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One penny-shaped crack

To begin with we consider a penny-shaped crack having the radius of a0 and the unit normal vector of . The asymptotic field is given by . This problem is solved with the conventional BIEM, FM-BIEM with the hypersingular integral equation and the regularised integral equation. In this example we carry out numerical experiments using the following four schemes:
NE1
Conventional BIEM

NE2
FM-BIEM with the hypersingular integral equation

Compute multipole moments (3.23) numerically with 1 point Gaussian quadrature

NE3
FM-BIEM with the hypersingular integral equation

Compute multipole moments (3.23) numerically with 3 point Gaussian quadrature

NE4
FM-BIEM with the regularised integral equation

Fig.3.5 shows the 9592 DOF mesh. Fig.3.6 plots the total CPU time (sec) required with numerical experiments NE1, NE2, NE3 and NE4 vs the number of unknowns. This figure shows that FM-BIEM is faster than the conventional BIEM when the number of unknowns is larger than several thousands. Fig.3.7 shows the CPU time per iteration (sec) vs the number of unknowns. Fig.3.8 shows ratios of the computational times required with FM-BIEM (NE2,NE3,NE4) to the computational time required with the conventional BIEM (NE1). Fig.3.9 shows the L2-norm error defined as

where denotes the L2-norm, is the corresponding numerical result obtained with FM-BIEM (NE2,NE3,NE4) and is the numerical result obtained with the conventional BIEM (NE1), respectively. Fig.3.10, Fig.3.11 and Fig.3.12 show the crack opening displacement obtained with numerical experiments when the number of unknowns is 1912. In these figures the line marked analytic'' indicates the analytical solution (Chen and Huang[9]). Also, Fig.3.13 shows the crack opening displacement when the number of unknowns is 888, 4344 and 20728, respectively. The inaccuracy of the numerical results is due to collocation method with piecewise constant shape functions but not to FMM.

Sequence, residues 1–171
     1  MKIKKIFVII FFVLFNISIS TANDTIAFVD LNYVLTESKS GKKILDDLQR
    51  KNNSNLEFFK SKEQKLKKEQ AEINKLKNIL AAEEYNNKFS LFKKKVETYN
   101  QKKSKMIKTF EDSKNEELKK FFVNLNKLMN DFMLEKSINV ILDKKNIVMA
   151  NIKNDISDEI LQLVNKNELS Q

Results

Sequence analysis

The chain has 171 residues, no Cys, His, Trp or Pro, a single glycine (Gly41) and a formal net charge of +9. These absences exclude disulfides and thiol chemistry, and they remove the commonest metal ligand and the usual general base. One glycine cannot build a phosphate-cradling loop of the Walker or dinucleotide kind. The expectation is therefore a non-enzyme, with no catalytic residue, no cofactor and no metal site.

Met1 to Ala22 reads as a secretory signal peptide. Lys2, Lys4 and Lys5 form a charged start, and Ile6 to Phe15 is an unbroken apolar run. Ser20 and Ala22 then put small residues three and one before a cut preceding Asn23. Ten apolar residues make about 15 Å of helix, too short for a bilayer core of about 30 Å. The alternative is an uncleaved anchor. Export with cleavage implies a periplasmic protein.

The numerical results show that the FM-BIEM with the hypersingular integral equation is more efficient than that with the regularised integral equation. Although in the regularised formulation we can compute the multipole moments analytically, the results obtained with the formulation without regularisation are more accurate than that with regularisation. It seems that these unexpected results are due to the fact that a canceling may occur in computation of the zero-valued integral (See (L.3) in Appendix L.1) with FMM which is used to regularise the hypersingular integral equation (See Appendix L.1).

Next: Many penny-shaped cracks Up: Numerical examples Previous: Numerical examples
Ken-ichi Yoshida
2001-07-28